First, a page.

Oilfield Writedowns Loom as Crude Slump Guts Drilling Values

Oil Industry
The oil industry may cut spending on offshore platforms, refinery upgrades and other capital projects by 20 percent this year, according to Sanford C. Bernstein analyst Oswald Clint in a Jan. 5 report. Photographer: Brittany Sowacke/Bloomberg

Tumbling crude prices will trigger a flood of oilfield writedowns starting this month after industry returns slumped to a 16-year low, calling into question half a decade of exploration.

With crude prices down more than 50 percent from their 2014 peak, fields as far-flung as Kazakhstan and Australia are no longer worth pumping, said a team of Citigroup Inc. analysts led by Alastair Syme. Companies on the hook for risky, high-cost projects that don’t make sense in a $48-a-barrel market include international titans such as Royal Dutch Shell Plc and small wildcatters like Sanchez Energy Corp.

The impending writedowns represent the latest blow to an industry rocked by a combination of faltering demand growth and booming supplies from North American shale fields. The downturn threatens to wipe out more than $1.6 trillion in earnings for producing companies and nations this year. Oil explorers already are canceling drilling plans and laying off crews to conserve cash needed to cover dividend checks to investors and pay back debts.

“The mid-cap and small-cap operators are going to be hardest hit because this is all driven by their cost to produce,” said Gianna Bern, founder of Brookshire Advisory and Research Inc., who also teaches international finance at the University of Notre Dame.

Shares Slump

All of the 43 U.S. oil and gas companies in the Standard & Poor’s energy index declined today as of 4:37 p.m. in New York, bringing the combined loss for the group to 23 percent since crude began its descent from last year’s intraday high of $107.73 a barrel on June 20.

Oil dipped to $47.55 a barrel today in New York, the lowest since April 2009. The decline represents a $4.4 billion drop in daily revenue for oil producers, which equates to $1.6 trillion on an annualized basis, Citigroup researchers led by Edward Morse said in a Jan. 4 note to clients.

The oil-market rout is exposing projects dating as far back as 2009 that were either poorly executed or bad ideas to begin with, Syme’s team said in a note to clients. Shell, Europe’s largest energy producer, may have as much as 5 percent of its capital tied up in money-losing projects. For U.K.-based BG Group Plc, the figure could be as high as 8 percent, according to the Citi analysts.

Exploration Companies

The biggest swath of asset writedowns probably will happen among so-called exploration and production companies, or E&Ps, a group that includes Sanchez, Matador Resources Co. and Clayton Williams Energy Inc., Bern said. That universe of explorers doesn’t have the same financial might as bigger producers such as Marathon Oil Corp., Bern said.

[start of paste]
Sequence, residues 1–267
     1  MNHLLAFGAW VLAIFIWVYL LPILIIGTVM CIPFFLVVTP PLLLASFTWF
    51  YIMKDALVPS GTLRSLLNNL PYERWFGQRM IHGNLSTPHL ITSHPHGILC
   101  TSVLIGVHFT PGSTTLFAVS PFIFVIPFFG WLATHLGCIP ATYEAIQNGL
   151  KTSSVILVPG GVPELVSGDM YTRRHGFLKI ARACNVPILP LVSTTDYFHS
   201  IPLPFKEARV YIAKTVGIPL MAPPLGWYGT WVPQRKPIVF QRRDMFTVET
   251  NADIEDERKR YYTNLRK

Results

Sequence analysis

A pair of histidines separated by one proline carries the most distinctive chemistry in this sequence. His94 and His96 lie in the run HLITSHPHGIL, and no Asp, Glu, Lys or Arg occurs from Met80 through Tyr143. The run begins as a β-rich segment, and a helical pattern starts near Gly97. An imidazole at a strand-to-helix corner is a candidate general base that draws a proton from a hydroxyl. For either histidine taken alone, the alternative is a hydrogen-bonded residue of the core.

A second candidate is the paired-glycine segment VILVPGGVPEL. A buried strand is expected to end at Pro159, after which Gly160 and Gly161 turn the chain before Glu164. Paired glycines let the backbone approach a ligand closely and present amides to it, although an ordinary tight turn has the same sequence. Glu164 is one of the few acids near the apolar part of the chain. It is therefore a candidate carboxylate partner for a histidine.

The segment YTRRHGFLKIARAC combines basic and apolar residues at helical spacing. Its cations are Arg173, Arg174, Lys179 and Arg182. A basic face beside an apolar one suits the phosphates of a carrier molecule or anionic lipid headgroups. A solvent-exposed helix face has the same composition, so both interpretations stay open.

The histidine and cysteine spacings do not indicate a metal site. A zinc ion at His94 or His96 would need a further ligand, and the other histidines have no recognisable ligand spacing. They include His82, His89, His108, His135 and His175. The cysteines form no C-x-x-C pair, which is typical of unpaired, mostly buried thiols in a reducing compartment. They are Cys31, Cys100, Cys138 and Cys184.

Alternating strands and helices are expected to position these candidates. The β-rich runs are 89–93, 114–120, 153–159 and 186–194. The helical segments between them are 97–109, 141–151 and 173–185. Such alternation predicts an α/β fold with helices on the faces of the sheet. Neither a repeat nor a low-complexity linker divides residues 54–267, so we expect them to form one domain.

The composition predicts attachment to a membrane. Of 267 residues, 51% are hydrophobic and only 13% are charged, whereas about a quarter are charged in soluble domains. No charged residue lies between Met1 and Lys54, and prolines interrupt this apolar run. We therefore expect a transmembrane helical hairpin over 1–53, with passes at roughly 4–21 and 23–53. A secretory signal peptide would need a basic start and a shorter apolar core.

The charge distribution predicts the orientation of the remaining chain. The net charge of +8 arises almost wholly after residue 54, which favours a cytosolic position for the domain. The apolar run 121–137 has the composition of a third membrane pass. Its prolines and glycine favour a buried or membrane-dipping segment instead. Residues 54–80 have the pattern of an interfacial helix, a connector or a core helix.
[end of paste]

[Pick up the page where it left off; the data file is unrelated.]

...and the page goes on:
Houston-based Sanchez fell 12 percent Jan. 5 in New York trading, bringing its one-year decline to 66 percent. Clayton Williams, based in Midland, Texas, declined by 7.8 percent.

Matador, which lost 8.5 percent of its value yesterday, said today it will halt drilling in the Eagle Ford shale formation in south Texas and postpone its annual analyst presentation to Feb. 5 from Jan. 15 to allow more time to evaluate capital spending plans.

“Impairments are unavoidable,” said Mark Sadeghian, an energy-industry analyst at Fitch Ratings Ltd. in Chicago.

Declining Worth

The writedowns that occur will be in the form of asset impairment charges related to the declining worth of specific oilfields, rather than wholesale reductions in proved reserves, Sadeghian said. Investors are less inclined to punish oil companies for impairment charges than they would for a drop in reserve volumes, said Gabriele Sorbara, an analyst at Topeka Capital Markets Inc. in New York.

Citi expects Brent crude, an international crude benchmark, to average $62 this year, cutting earnings per share for major oil companies by an average of 29 percent through 2017 and increasing pressure to postpone some drilling.

For the biggest U.S. and European petroleum producers, return on equity -- a measure of how profitably earnings are reinvested -- has fallen to an average of 7.5 percent, the lowest since the fourth quarter of 1998, according to Syme’s team.

That’s triggering a cascade of spending cuts from Dallas to London that could boost return-on-equity for the group to an average of 11.5 percent within three years, Syme’s group said.

‘More Shuttering’

The oil industry may cut spending on offshore platforms, refinery upgrades and other capital projects by 20 percent this year, according to Sanford C. Bernstein analyst Oswald Clint in a Jan. 5 report. This will mean less funds for refining and “more shuttering of underperforming European assets should be expected in 2015.”

The major international explorers such as Exxon Mobil Corp. and Chevron Corp. are unlikely to incur any significant impairment charges unless crude prices continue falling and remain depressed for an extended period, Bern said.

The oil-market slump still hasn’t reached the depths of the 2008 rout that accompanied the worldwide financial crisis, she said. Back then, West Texas Intermediate crude dropped from $147.27 to $32.40 -- a 78 percent decline -- in a five-month span. A commensurate fall from last year’s peak would entail reaching a nadir of $23.70.

“You’d look for a longer, more sustained decline before the Marathons and ConocoPhillips and Exxons of the world start to revisit asset valuations,” Bern said.

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